China Bans Plastic Scrap. Now What?

Do you ever wonder where the used plastic yogurt pots and peanut butter jars we toss in our recycling bin end up? Until recently, most of this plastic was shipped to China for recycling. Since 1992, China has imported 45% of the world’s plastic scrap. But China closed its ports to used plastic on January 1, 2018, and now The United States, along with the other 122 countries that export plastic waste, is wondering what’s next. A new paper in the journal Science Advances by Amy Brooks, Sunli Wong and Jenna Jambeck looks at the global impact of China’s plastic ban.

In 1950 the world produced 2 million metric tons (MT) of plastic. In 2015, 322 million MT were produced. Despite huge increases in the production and use of non-biodegradable plastics, little thought was given to its disposal. Today eighty percent of all plastic ever produced sits in landfills or has leaked into the environment. Some say recycling is the answer to sustainable plastic use. Now China, the biggest recycler of plastic in the world, is getting out of the business.

China was king of plastic scrap. Other countries in Southeast Asia also import used plastic, and now there is enormous pressure on the remaining importers to take our scrap. Thailand imported almost thirty times as much plastic scrap in the first four months after China’s ban than it did in the same period in 2017. Companies that turn plastic waste into the pellets used to manufacture new plastic items moved factories from China to Thailand, where they could still get plastic waste to feed their factories. Thailand does not have the waste management infrastructure needed to deal with its own plastic waste let alone the environmental safeguards necessary to handle the flood of imported waste. This June, Thailand banned all imports of plastic scrap. Vietnam did too.

Generally, wealthy countries with robust waste management infrastructure ship their plastic scrap to poorer countries that don’t manage waste well. China, for instance, leaks more plastic into the ocean than any other country in the world. How much of the plastic floating in the middle of the ocean was first shipped overseas for recycling? Moving plastic waste to countries that can’t handle it may allow us to reach our recycling goals, but it does not solve the problem of plastic waste in the environment. Once plastic enters the ocean, it’s everyone’s problem.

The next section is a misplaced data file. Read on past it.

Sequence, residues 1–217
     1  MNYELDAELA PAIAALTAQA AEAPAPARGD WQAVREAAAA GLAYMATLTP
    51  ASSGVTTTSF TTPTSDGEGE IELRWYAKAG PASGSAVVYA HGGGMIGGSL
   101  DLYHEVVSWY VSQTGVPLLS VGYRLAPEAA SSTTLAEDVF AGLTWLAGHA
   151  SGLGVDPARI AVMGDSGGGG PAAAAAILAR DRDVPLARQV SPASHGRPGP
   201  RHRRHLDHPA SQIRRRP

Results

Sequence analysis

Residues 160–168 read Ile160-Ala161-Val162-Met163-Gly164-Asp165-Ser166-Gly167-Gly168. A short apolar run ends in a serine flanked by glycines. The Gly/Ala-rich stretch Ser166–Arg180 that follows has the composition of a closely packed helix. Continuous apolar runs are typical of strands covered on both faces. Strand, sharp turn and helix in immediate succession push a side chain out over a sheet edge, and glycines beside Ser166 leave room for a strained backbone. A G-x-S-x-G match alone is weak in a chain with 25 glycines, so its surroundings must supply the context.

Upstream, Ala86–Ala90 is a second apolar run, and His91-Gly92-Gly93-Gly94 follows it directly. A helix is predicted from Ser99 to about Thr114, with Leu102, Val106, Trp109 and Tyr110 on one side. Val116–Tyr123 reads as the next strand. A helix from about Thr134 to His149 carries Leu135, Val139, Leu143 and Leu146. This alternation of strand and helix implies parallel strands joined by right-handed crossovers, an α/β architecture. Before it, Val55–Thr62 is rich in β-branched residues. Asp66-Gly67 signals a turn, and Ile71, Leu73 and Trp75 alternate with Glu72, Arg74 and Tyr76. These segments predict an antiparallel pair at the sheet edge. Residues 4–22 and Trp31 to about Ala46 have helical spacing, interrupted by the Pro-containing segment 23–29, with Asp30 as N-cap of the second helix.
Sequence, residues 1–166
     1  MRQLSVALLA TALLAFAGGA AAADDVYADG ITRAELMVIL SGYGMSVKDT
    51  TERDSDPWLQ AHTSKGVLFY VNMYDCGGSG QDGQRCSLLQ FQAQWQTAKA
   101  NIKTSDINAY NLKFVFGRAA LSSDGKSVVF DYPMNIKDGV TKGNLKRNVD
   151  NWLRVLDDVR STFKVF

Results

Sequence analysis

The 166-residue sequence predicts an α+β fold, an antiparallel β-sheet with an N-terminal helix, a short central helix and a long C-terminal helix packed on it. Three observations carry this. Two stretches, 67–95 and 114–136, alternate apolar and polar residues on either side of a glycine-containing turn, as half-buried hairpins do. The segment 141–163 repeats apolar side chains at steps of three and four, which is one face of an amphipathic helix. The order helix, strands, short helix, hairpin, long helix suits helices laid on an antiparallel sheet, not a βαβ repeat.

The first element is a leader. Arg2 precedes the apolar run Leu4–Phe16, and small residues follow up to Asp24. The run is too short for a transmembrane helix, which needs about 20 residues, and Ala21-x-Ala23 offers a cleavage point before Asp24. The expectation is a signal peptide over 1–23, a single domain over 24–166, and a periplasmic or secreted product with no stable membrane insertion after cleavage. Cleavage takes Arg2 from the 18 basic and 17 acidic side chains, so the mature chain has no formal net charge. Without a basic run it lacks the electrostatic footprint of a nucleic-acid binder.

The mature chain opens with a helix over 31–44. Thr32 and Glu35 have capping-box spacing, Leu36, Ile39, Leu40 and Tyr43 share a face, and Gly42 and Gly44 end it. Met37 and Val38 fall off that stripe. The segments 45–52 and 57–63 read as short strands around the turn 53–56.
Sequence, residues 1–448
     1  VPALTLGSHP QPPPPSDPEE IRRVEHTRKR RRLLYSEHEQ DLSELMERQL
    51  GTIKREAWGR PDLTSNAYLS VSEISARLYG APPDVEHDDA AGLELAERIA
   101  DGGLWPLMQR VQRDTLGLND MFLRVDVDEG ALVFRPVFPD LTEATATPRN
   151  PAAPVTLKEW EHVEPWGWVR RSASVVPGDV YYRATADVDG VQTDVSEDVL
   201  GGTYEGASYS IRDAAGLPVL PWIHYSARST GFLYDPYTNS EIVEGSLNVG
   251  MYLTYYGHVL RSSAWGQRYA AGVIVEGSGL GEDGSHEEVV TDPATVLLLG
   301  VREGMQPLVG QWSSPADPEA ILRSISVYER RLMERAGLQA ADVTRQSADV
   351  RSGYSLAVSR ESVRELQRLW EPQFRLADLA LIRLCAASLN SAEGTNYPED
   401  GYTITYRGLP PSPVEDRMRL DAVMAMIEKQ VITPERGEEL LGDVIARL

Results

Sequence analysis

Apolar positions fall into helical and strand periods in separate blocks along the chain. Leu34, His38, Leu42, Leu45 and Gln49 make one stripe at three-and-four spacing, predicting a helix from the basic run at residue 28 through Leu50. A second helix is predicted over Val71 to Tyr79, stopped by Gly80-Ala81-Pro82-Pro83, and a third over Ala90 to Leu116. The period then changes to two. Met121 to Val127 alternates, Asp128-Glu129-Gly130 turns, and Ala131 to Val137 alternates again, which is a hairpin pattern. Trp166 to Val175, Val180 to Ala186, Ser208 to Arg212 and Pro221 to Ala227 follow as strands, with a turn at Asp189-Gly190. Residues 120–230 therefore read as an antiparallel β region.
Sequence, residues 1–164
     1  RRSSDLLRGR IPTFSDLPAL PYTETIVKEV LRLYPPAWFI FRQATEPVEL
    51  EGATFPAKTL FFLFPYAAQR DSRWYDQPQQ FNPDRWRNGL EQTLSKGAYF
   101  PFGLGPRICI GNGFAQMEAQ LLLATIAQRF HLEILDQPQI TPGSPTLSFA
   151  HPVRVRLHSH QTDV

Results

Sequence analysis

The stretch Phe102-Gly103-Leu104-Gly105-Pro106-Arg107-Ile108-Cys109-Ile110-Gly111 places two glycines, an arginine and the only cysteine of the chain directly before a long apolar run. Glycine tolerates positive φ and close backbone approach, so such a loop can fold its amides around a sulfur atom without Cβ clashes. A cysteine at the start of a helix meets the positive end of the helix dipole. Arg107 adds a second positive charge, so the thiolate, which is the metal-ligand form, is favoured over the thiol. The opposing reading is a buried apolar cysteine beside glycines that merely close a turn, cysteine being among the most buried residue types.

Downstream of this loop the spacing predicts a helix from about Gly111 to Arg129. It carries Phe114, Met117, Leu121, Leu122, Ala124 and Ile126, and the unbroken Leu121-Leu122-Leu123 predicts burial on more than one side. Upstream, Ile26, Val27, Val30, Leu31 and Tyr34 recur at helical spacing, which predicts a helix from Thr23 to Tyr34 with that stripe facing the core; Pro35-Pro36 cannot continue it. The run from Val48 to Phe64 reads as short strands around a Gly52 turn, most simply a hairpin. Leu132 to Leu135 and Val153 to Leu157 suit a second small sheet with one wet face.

Brooks, Wong and Jambeck calculate that China’s ban will displace 111 million MT of the world’s plastic waste by 2030. This adds new urgency to our plastic waste problems and requires bold, new ideas. Two bold and promising ideas proposed in the paper are the Basel Convention and an import tax. The Basel Convention is an international agreement enacted in 1992 which promotes the environmentally sound management of waste that crosses international boundaries. If plastic scrap were characterized as “waste requiring special consideration” under the Basel Convention, exporting countries would share responsibility for ensuring that plastic scrap is properly managed. The second idea is to impose an import tax on plastic scrap. Importing countries would use this money to develop waste management infrastructure needed to stop waste from leaking into the environment.

These are uncertain times for plastic recycling, but China’s ban may be the kick we need to find solutions to our plastic waste problem. For now, we can all help keep plastic out of the ocean and off our beaches. Grab a bag from the BlueTube at your beach. Pick up trash. Throw it away. Reuse your clean plastic bags by adding them to a BlueTube and make it easy for others to pick up trash too. If your shore doesn’t have a BlueTube yet, it should. Order one today!